Rock pool gobies change their body pattern in response to background features
Biological Journal of the Linnean Society
Linnean Society of London / Wiley
Reason for embargo
Some species actively change colour and pattern for camouflage on a range of background types. Such dynamic camouflage may be particularly advantageous for species inhabiting heterogeneous habitats, such as intertidal zones, where individuals are exposed to both terrestrial and marine predators depending on tides and wave action. Most studies of dynamic pattern camouflage have focused on relatively few species, and rarely species inhabiting the intertidal zone. We used image analysis and predator (avian) vision modelling to determine if rock gobies (Gobius paganellus) change their body pattern in response to their background, and to explore how background marking size influence pattern change. Rock gobies rapidly (within 1 min) changed their pattern when placed on checkerboards with different sized squares, and on backgrounds resembling natural substrates. On backgrounds resembling natural substrates, those with a small grain size, such as sand, elicited a larger degree of pattern change than those with a larger grain size. However, despite this, the majority of fish showed little or no improvement in background matching over time. Instead, the markings elicited are characteristic of disruptive coloration, and may function primarily through breaking up the body outline rather than via improved match to the background pattern itself.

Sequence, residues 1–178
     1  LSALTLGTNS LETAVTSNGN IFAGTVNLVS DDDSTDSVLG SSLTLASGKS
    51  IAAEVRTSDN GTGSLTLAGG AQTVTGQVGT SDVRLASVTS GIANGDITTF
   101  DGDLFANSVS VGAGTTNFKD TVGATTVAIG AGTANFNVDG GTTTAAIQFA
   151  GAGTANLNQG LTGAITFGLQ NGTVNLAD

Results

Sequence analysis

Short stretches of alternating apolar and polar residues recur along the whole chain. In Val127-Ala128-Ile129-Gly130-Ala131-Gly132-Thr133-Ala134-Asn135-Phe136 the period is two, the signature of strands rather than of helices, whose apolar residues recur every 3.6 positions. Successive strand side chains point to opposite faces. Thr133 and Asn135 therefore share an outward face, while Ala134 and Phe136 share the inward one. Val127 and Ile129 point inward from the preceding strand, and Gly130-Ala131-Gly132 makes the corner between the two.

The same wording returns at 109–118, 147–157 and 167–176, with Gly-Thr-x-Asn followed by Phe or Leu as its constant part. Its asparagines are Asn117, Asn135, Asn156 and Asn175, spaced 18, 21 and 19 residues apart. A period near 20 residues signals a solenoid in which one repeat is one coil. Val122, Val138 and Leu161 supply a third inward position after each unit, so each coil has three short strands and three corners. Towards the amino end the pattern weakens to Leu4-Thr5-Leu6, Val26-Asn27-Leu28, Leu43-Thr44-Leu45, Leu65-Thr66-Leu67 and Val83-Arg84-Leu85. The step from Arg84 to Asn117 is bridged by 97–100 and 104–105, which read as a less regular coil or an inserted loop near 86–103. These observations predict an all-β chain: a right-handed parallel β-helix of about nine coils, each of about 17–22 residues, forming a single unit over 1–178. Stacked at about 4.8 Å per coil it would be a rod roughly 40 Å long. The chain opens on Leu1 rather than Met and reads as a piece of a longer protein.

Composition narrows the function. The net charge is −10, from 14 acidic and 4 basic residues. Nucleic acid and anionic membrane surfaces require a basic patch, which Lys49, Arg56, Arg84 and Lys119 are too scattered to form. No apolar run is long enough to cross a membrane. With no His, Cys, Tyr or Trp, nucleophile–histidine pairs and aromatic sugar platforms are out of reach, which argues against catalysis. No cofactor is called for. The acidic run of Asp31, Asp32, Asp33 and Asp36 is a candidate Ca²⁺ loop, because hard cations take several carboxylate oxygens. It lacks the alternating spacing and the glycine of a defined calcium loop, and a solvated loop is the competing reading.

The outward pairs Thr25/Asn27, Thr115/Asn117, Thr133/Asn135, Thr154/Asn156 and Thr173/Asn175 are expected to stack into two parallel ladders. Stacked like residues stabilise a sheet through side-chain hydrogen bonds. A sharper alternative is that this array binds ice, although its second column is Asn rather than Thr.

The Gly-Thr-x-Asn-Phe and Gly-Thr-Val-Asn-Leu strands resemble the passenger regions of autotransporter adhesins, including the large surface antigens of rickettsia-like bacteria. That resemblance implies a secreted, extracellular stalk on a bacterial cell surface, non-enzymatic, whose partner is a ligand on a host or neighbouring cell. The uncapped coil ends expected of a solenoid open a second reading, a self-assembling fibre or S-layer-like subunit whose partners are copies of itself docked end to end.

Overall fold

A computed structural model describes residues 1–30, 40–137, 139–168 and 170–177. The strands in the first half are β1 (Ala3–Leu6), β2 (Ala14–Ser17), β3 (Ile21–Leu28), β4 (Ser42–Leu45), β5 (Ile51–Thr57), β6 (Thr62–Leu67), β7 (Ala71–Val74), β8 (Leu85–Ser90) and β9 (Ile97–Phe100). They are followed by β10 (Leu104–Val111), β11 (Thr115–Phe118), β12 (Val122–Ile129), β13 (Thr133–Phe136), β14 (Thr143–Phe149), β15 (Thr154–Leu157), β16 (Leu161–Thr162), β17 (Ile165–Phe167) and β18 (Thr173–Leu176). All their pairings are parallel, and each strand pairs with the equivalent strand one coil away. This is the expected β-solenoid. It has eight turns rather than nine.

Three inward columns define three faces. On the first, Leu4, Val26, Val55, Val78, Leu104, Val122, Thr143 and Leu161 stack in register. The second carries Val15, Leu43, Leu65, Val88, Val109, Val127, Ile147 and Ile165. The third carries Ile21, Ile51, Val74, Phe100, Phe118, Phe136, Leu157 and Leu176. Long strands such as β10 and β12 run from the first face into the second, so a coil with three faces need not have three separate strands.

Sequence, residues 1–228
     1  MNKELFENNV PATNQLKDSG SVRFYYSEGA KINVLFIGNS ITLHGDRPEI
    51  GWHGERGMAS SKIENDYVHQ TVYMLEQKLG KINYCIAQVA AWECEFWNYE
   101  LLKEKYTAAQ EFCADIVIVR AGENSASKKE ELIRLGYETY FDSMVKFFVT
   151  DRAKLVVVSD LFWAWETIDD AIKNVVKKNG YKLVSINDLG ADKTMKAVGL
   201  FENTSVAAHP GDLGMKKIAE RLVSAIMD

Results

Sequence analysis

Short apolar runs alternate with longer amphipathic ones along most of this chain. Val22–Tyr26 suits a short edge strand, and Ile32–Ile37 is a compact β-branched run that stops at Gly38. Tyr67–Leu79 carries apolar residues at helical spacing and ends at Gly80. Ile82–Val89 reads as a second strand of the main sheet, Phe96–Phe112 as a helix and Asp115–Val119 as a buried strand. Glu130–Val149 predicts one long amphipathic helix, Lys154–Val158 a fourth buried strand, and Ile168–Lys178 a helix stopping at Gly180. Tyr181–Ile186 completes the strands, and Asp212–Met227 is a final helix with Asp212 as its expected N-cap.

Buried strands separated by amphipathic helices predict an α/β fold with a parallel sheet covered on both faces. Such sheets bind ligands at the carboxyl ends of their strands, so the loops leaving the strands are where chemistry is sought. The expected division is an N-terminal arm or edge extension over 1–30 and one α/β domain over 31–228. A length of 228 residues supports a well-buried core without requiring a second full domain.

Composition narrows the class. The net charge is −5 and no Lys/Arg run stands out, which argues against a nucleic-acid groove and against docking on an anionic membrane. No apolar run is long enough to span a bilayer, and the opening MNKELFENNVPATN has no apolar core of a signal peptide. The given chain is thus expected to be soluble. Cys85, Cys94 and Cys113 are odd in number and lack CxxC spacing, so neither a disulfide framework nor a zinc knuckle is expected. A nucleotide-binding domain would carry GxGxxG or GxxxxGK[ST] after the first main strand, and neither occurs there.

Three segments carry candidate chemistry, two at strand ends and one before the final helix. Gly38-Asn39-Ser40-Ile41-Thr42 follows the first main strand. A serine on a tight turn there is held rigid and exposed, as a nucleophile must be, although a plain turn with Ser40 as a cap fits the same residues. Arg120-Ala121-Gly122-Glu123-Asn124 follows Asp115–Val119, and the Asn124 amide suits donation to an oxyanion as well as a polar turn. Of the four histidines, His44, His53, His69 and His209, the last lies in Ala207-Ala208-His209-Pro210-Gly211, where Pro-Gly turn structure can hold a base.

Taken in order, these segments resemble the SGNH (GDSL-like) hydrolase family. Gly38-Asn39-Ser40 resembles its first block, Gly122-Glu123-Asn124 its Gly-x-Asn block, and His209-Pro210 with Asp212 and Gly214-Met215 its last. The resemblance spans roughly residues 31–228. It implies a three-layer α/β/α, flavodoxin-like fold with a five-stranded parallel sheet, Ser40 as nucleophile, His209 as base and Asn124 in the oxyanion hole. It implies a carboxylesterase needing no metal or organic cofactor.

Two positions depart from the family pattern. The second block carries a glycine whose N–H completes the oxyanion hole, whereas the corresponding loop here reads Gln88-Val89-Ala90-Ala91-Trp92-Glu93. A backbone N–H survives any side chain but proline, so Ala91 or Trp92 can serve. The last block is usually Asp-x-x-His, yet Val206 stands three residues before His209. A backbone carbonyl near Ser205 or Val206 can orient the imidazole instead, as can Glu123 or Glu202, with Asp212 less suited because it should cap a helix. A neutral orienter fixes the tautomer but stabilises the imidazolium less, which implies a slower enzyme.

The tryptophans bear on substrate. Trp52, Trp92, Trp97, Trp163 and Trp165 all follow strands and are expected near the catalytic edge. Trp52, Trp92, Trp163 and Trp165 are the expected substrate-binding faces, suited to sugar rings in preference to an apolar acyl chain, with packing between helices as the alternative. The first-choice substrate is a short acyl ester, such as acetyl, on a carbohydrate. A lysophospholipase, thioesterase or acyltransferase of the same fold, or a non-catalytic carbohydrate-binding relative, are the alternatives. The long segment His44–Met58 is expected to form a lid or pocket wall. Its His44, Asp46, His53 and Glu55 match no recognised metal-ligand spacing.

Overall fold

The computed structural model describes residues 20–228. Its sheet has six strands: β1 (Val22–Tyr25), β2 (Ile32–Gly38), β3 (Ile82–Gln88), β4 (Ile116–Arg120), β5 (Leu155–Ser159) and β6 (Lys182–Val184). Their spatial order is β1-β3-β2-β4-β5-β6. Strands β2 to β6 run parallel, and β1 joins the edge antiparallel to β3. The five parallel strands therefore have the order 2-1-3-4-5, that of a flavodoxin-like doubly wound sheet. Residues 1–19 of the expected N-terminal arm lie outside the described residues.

This work was supported by a BBSRC David Phillips Research Fellowship (BB/G022887/1) to M.S.
This is the author accepted manuscript. The final version is available from Wiley via the DOI in this record.